Art. 1249. The payment of debts in money shall be made in the currency stipulated, and if it is not possible to deliver such currency, then in the currency which is legal tender in the Philippines. The delivery of promissory notes payable to order, or bills of exchange or other mercantile documents shall produce the effect of payment only when they have been cashed, or when through the fault of the creditor they have been impaired. In the meantime, the action derived from the original obligation shall be held in the abeyance. (1170) Legal Tender- is that currency which a debtor can legally compel a creditor to accept in payment of a debt in money when tendered by the debtor in the right amount. (Black Law Dictionary) In the Philippines, all coins and notes issued by the Bangko Sentral Ng Pilipinas (BSP) constitute legal tender for all debts, both public or private. Unless otherwise fixed by Monetary Board of the BSP, coins are legal tender for amounts not exceeding P50.00 for denomination of P0.25 and above, and those of amounts not exceeding P20.00 for denominations of P0.10 or less. All coins and bills above P1.00 are, therefore, valid, legal tenders for any amount. Ex. Richard owes Laila P1,000.00 which is due today. Laila can refuse to accept check from Richard. If Laila accepts, there is no payment yet until the check has been cashed or when through his fault, it has been impaired as when he has delayed in presenting the check for payment for an unreasonable length of time and the check has lost its value by reason of the insolvency of the bank.

Art. 1250. In case an extraordinary inflation or deflation of the currency stipulated should supervene, the value of the currency at the time of the establishment of the obligation shall be the basis of payment, unless there is an agreement to the contrary. (n) Inflation- it is a sharp sudden increase of money or credit or both without a corresponding increase in business transactions. (Websters Dictionary). It causes a drop in the value of money, resulting in the rise of the general price level. Deflation- is the reduction in volume and circulation of the available money or credit, resulting in a decline of the general price level; it is the opposite of inflation. Ex. Ria borrowed from Emi P5,000.00 payable after five years. On the maturity of the obligation, the value of P5,000.00 dropped to P2,500.00 because of inflation (or increased to P10,000.00 because of deflation). In this case (assuming there is extraordinary inflation or deflation), the basis of payment shall be equivalent value of the currency today to that five years ago. Hence, Ria is liable to pay Emi P5,000.00 (or P2,500.00) unless there is an agreement to the contrary.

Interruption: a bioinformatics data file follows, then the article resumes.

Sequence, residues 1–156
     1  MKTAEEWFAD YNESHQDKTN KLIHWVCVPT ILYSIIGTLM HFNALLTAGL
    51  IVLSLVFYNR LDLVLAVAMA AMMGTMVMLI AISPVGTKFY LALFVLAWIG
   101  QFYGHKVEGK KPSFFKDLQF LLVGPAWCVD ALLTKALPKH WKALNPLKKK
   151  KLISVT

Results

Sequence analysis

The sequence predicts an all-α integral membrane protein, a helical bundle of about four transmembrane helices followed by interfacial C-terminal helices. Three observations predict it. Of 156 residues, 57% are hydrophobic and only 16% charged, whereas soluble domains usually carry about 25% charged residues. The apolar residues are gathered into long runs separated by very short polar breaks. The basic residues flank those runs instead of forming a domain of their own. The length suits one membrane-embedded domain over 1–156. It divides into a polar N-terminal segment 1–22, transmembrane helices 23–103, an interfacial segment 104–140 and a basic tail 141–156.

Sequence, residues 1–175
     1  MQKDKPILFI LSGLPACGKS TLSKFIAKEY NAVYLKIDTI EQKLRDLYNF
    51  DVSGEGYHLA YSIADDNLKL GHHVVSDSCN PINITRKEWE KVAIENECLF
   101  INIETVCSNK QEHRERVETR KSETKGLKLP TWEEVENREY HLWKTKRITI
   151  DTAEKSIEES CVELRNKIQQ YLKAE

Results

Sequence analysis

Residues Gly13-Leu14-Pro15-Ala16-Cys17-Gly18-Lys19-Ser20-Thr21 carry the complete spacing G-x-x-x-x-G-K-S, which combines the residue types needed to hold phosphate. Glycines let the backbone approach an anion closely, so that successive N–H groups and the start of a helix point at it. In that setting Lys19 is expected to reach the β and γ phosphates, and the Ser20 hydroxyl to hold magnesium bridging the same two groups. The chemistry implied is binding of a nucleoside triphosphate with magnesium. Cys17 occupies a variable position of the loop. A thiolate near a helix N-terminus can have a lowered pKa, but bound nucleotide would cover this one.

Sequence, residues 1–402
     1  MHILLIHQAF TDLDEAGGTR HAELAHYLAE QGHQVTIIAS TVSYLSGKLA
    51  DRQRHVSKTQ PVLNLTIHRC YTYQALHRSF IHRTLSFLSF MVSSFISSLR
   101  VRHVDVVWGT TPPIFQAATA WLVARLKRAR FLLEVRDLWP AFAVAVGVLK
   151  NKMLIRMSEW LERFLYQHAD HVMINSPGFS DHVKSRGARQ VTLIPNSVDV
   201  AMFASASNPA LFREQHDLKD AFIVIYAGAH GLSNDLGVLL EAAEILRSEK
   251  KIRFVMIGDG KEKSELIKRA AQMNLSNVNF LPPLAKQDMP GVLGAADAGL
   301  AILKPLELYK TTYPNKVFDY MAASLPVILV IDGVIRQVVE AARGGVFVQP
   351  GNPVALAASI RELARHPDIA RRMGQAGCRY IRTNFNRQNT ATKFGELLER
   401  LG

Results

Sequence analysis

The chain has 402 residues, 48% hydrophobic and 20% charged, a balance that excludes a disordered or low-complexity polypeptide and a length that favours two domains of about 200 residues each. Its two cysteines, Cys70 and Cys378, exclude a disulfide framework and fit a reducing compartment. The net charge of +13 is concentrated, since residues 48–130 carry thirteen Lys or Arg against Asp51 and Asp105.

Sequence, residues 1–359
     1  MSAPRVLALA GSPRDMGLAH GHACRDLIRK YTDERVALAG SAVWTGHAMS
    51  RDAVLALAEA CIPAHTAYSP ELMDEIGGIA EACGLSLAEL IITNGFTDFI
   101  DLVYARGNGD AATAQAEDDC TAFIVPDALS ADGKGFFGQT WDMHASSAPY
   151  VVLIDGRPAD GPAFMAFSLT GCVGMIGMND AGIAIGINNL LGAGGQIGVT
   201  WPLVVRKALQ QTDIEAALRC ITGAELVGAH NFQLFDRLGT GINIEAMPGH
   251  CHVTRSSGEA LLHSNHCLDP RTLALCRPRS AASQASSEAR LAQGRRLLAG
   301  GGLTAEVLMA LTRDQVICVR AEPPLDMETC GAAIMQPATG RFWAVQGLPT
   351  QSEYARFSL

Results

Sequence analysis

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Art. 1251. Payment shall be made in the place designated in the obligation. There being no express stipulation and if the undertaking is to deliver a determinate thing, the payment shall be made wherever the thing might be at the moment the obligation was constituted. In any other case the place of payment shall be the domicile of the debtor. If the debtor changes his domicile in bad faith or after he has incurred in delay, the additional expenses shall be borne by him. These provisions are without prejudice to venue under the Rules of Court. (1171a) Places where obligation shall be paid: 1. If there is stipulation, the payment shall be made in the palce designated. (par. 1, Art 1306) 2. If there is a stipulation and the thing to be delivered is specific, the payment shall be made at the place where the thing was, at the perfection of the contract. (par. 2) 3. If there is no stipulation and the thing to be delivered is generic, the place of payment shall be the domicile of the debtor. Venue- is the place where a court suit or action must be filed or instituted. (Secs. 1-4, Rule 4, rules of Court) Domicile- is the palce of a persons habitual residence (Art. 50), the place where he has his true fixed permanent home and to which place he, whenever he is absent, has the intention of returning. (17 Am. Jur. 588). Residence- is only an element of domicile. It simply requires bodily presence as an inhabitant in a given place. Ex. Lleina is obliged himself to deliver to Karl a specific car. It was agreed that the car should be delivered at Karls house. The house of Karl shall be the place of delivery.